Defense Minister Margarita Robles has one of her usual allies in the PP. Also in view of the escalation of the war in Ukraine and the Government’s decision to position itself in the wake of the United States and bring forward the planned deployment of some military units in Eastern Europe. The president of the PP, Pablo Casado, has defended Robles in recent hours and has attacked United We Can and his presence in the Executive, which he has personalized in someone who is no longer part of the Council of Ministers: Pablo Iglesias. The leader of the PP has related the crisis in Ukraine to “the pocket” of the Spanish, has pointed to Vox as a defender of Vladimir Putin and has cried out against Pedro Sánchez’s indifference towards the head of the opposition: “He has not put himself in contact us, there he”.
Borrell rules out following the US and the UK in downsizing in Ukraine: “There is no need to dramatize”
The president of the PP has granted an interview to the Cope chain on Monday in which he has assured that his party will support the Government “in its obligations within the framework of NATO”. “The PP is a State and Government party, even when it is in opposition”, he maintained minutes before attacking the management of European funds, a strategy that has earned him even the public reproach of the former Minister of Finance, Cristóbal Montoro. Casado has demanded that the Executive “inform Parliament” despite the fact that the Minister of Foreign Affairs, José Manuel Albares, has already announced that he will do so this Tuesday.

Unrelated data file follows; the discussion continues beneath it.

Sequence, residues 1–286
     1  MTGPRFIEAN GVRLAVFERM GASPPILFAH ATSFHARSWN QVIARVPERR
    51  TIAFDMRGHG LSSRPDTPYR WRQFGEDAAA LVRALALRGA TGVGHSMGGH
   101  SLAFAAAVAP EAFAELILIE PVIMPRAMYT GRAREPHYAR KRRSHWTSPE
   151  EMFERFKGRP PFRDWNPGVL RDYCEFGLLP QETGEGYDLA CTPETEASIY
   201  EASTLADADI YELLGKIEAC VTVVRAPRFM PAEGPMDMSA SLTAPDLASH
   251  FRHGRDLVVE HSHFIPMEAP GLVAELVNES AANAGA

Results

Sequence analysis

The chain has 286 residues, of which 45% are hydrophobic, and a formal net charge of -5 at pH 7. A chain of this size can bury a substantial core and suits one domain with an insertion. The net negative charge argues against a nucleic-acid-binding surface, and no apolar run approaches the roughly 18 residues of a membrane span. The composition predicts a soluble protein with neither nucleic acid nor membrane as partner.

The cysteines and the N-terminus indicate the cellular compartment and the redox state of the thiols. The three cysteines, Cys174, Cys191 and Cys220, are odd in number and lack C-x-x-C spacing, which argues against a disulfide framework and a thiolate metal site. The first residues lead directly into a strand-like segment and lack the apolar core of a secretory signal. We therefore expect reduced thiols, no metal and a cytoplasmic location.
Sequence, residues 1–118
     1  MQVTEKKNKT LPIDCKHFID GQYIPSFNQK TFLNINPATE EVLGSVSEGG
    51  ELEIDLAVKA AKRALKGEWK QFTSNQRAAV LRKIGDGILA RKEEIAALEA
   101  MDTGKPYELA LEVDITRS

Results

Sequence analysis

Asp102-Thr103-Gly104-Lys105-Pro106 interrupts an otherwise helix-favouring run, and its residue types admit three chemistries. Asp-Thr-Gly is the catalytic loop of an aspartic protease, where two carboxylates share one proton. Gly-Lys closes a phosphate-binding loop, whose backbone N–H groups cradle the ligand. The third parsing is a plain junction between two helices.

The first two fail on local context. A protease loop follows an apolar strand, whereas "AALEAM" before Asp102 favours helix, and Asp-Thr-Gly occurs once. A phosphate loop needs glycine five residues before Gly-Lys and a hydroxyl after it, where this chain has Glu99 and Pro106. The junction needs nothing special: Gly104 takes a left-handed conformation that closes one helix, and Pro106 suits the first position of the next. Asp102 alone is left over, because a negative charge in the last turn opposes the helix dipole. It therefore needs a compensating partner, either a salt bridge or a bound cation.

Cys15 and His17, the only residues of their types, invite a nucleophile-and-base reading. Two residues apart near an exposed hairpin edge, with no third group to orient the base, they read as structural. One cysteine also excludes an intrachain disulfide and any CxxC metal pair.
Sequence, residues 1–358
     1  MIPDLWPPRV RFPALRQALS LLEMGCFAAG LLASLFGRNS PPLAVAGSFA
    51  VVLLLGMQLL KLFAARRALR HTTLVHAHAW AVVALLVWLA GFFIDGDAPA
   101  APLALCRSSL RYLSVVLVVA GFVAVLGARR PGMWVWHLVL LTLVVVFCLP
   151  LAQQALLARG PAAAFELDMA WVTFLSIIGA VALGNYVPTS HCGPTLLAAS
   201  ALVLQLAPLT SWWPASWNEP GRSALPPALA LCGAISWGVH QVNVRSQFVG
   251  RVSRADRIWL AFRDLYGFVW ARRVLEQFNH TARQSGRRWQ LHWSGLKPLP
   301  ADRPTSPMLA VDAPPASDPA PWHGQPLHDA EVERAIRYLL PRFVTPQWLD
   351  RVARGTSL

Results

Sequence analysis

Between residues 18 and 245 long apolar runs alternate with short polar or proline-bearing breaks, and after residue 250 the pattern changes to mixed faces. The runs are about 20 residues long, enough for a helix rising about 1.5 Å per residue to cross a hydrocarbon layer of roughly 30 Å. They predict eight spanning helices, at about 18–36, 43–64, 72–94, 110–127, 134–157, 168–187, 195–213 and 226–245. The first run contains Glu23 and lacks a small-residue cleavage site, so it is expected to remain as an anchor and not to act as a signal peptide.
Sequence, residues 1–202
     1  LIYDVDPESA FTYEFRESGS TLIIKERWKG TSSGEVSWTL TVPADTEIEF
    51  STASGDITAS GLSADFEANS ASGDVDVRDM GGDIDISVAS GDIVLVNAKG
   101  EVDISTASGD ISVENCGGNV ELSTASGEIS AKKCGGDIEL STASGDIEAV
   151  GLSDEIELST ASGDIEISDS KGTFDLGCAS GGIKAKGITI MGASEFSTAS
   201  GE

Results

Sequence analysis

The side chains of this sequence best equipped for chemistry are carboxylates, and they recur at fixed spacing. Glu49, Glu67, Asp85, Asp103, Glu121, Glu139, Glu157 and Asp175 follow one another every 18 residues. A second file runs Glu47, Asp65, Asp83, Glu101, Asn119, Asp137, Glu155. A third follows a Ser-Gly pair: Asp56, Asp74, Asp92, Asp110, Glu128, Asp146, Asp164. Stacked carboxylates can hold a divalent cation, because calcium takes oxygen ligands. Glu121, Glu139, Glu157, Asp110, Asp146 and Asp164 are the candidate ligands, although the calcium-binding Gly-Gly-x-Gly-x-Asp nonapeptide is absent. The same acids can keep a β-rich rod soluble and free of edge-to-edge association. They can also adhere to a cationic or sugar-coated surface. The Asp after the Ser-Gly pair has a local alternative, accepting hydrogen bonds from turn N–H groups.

Casado has attacked the discrepancies that exist in the Council of Ministers about the role that Spain should play in the crisis. The Minister of Equality, Irene Montero, assured last week that Spain is, “categorically, the country of ‘no to war'”. And she added: “Basque, Spanish, Catalan society, we are people of peace, we are committed to peace, to the de-escalation of the conflict, to avoiding military maneuvers in the area, to dialogue and diplomacy.” For his part, the President of the Government said yesterday: “Following the situation in Ukraine very closely and in permanent contact with the representatives of the EU and NATO, as well as with European leaders. It is time for diplomacy. We are committed to unity, détente, solidarity and dialogue to resolve the crisis with Russia”. Meanwhile, the deployment of Spanish troops in the area is increasing: last week a minesweeper ship and a frigate were mobilized towards the Black Sea area.